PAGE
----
The chart below shows the impact interest rates have on valuation. The green line is the 10-year constant maturity Treasury rate. The blue, the P/E of the S&P 500. The colored straight lines indicate the different interest rates environments we have seen since 1871 (gentle decline or relatively flat, rising and falling). Those three periods correspond to similar, albeit opposite reactions, in the valuation of the market. During the long initial period of steady, and low, interest rates, market valuation was relatively constant. As interest rates rose in the late 1900’s, valuations fell in response. Once Fed Chairman Volcker broke the back of inflation, rates began to fall in response, and the equity markets responded with higher valuations.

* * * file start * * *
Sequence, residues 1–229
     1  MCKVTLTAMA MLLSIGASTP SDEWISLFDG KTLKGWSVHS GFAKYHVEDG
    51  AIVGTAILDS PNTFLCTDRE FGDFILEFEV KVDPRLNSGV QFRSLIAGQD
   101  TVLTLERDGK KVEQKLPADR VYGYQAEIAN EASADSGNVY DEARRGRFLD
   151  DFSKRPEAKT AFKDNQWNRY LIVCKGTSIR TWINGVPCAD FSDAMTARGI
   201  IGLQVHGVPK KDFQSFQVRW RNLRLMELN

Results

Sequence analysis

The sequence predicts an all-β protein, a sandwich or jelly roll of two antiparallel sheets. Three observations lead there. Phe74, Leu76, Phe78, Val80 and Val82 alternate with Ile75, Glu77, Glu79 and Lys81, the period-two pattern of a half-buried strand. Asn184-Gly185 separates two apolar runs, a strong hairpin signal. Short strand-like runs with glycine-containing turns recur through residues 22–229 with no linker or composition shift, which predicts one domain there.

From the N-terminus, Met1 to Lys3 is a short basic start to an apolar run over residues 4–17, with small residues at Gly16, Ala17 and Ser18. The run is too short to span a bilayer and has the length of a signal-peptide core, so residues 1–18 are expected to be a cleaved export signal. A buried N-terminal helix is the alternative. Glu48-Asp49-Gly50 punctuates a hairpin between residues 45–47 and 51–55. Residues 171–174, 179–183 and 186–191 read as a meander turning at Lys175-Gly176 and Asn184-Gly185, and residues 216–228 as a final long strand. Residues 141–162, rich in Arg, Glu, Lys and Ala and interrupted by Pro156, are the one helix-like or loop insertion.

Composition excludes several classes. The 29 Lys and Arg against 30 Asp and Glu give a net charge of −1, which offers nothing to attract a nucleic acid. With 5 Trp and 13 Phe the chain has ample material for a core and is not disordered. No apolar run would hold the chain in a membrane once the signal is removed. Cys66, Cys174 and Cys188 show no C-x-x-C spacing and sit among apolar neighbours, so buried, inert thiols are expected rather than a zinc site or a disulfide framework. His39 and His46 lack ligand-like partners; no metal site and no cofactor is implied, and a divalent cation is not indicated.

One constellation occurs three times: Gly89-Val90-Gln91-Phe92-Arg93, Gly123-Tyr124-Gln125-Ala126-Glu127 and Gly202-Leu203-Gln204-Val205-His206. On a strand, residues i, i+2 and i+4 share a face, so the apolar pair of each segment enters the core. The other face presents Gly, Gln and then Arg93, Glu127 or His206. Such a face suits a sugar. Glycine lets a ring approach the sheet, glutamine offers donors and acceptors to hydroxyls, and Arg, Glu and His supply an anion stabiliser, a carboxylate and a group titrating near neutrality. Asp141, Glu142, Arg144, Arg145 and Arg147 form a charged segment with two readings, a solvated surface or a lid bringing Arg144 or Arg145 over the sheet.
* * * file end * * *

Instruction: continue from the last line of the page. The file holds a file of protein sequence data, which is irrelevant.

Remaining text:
To be as generous as possible, I have used the falling interest rate period for valuation purposes (since 1981). This is generous because using the entire history, or frankly including any additional historical data, makes valuation of the S&p 500 appear even more dire. Additionally, and this is important, one must decide which period we are in now. Can we make the case that interest rates will continue to decline from current levels? No reasonable person could draw that conclusion, particularly after the June rate hike by the Fed and expectations of another in December. If you don’t believe we are in a declining interest rate environment, can we expect to have flat (or relatively stable) interest rates? This is a more plausible argument, but one that requires a “Goldilocks” economy – high growth and low inflation. Possible, but very difficult to achieve. Nonetheless, we’ll proceed as if the impossible were to happen and we are in the falling interest rate environment.